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Methane reduction with better feed conversion

Methane emissions are a hot issue in cattle farming. One way of lowering ruminant methane emissions is through improved feed conversion efficiency.

Improvements in feed conversion efficiency (FCE) can be applied to individual animals as well as to production from land, as in a farm system.
The focus of this research relates mainly to food production from individual animals within any animal population where there is divergence in the efficiency that individuals use ingested feed for maintenance and production; primarily due to differences in digestion and metabolism.
Intake variation from the predicted mean for individuals of a similar size and level of production in a population has been termed residual feed intake (RFI), with low values indicating an efficient animal.
Efficient animals require less feed than average and can be expected to produce less CH4 and N2O per unit product than the population average at a similar level of production.
Selection for this trait will lower CH4 emissions per animal, unless more animals are kept to eat the feed not required by efficient animals.
There are few published evaluations of CH4 yields from animals with divergent RFI and there is little evidence that efficient animals have a different CH4 yield expressed as CH4/kg dry matter (DM) intake.
Of equal or greater importance than RFI is the need to select high producing animals, as this will reduce emissions/unit of product, referred to as emissions intensity (Ei).
Research should identify productive individuals that have a low RFI to minimise Ei and maintain food production.
The extent to which CH4 can be reduced by selection for RFI will depend on the heritability of efficiency, dispersal of efficient animals through all populations and their resilience in a production system (i.e., robustness).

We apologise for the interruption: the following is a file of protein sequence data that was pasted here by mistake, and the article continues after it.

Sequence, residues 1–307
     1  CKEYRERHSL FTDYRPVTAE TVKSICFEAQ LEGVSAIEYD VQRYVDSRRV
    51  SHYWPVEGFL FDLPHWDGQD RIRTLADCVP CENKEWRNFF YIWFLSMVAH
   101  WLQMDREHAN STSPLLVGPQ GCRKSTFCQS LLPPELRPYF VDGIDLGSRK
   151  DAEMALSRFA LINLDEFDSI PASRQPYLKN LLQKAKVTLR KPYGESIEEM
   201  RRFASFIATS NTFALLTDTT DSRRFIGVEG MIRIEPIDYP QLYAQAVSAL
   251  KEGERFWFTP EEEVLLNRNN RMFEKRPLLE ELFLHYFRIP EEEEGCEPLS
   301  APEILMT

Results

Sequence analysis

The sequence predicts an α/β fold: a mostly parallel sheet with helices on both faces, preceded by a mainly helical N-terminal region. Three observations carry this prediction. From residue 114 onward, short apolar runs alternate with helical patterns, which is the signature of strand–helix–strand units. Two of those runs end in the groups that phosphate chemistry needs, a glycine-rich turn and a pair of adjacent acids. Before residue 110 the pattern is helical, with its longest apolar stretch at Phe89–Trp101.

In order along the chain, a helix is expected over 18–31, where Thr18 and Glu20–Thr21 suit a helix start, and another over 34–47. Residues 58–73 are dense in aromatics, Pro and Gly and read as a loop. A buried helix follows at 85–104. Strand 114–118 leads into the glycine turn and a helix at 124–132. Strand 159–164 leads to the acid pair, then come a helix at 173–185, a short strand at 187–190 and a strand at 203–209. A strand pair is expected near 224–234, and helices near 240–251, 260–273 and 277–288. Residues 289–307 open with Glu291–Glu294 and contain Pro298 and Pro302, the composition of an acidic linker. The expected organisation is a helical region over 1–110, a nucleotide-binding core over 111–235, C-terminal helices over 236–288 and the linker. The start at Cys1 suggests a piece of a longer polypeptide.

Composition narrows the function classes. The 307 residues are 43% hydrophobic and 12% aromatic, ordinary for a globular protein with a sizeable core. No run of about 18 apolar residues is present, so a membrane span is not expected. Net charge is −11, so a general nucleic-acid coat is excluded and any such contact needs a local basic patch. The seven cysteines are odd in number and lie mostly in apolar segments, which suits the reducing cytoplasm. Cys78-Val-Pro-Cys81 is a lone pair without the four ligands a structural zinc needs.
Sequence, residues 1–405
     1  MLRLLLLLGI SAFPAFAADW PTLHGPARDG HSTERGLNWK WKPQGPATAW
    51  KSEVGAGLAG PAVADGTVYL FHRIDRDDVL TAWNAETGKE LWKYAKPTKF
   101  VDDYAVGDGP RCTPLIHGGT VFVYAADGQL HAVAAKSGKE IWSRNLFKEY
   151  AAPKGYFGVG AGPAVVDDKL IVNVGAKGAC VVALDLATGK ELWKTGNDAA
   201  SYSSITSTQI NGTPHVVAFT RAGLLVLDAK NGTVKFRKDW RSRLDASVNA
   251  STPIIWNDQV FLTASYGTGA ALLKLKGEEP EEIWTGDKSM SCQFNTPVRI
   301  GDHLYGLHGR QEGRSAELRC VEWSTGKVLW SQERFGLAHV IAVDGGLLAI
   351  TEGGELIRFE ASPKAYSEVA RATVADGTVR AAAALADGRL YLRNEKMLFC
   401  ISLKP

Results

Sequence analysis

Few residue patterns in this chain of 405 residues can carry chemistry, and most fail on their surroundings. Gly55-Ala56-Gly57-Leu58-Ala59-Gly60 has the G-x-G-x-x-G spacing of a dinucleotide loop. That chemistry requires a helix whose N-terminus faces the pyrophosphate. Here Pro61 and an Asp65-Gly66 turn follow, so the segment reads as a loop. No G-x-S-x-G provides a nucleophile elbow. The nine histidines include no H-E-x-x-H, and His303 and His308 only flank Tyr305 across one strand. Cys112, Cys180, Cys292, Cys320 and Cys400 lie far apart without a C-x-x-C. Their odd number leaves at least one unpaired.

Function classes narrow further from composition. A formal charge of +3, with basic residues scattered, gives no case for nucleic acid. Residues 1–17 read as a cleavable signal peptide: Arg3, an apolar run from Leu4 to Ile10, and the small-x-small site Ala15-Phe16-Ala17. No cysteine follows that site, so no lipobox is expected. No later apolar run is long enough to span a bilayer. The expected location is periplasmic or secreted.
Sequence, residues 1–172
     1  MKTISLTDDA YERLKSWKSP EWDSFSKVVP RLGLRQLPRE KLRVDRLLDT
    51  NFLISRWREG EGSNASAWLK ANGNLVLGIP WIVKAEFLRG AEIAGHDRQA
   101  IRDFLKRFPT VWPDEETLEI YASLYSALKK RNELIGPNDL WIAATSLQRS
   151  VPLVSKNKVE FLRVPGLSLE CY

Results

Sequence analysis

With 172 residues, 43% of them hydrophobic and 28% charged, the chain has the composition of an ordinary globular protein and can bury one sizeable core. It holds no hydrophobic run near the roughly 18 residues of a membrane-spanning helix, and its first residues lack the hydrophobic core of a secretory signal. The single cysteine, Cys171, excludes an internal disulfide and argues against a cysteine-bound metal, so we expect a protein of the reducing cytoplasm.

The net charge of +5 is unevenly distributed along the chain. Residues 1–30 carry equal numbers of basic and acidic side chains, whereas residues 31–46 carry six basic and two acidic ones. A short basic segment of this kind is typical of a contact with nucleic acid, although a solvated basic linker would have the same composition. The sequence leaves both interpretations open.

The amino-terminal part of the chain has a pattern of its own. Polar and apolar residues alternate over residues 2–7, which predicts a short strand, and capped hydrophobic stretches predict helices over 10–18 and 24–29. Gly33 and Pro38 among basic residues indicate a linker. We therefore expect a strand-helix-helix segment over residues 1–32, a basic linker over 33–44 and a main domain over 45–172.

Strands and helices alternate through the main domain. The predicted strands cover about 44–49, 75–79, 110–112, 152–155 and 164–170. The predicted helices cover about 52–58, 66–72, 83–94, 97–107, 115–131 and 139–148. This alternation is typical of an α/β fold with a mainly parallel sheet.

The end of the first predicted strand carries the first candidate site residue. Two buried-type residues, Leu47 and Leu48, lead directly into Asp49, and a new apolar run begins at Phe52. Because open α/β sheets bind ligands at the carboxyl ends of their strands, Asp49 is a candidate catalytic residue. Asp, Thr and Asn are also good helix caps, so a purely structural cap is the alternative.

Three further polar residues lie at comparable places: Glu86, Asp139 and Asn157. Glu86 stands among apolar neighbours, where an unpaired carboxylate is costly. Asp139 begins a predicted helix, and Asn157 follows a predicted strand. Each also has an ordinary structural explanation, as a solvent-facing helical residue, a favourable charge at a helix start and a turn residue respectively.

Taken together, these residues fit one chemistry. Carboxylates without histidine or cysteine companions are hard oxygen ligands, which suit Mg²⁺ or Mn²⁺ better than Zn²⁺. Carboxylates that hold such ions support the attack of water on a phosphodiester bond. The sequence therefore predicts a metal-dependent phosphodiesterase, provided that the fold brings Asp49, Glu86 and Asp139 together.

The benefit of RFI to lowering greenhouse gas (GHG) emissions is its application, irrespective of farming system (i.e., confined, intensive, extensive grazing), especially because efficient animals are likely to increase farm profitability.
Efficient animals are already in all herds and flocks and research must identify and remove inefficient individuals, while retaining and ensuring efficient ones are fit to purpose.
However, the biggest benefits to reducing emissions and increasing production will be associated with good animal management practice (e.g., appropriate genetics, reproductive performance, longevity) with efficient animals superimposed.
Good animal systems management will improve profitability, and apply to both intensive and extensive systems to increase food production and lower Ei.
One dilemma for agriculturists will be the practice of feeding grains to ruminants, as gains in animal efficiency, especially in reduction of Ei, are likely to be biggest with high energy density rations, but feeding grain to ruminants may become an unsustainable practice if food supplies for humans are limited.
This article is part of the special issue of the journal Animal Feed Science and Technology entitled: Greenhouse Gases in Animal Agriculture – Finding a Balance between Food and Emissions,.

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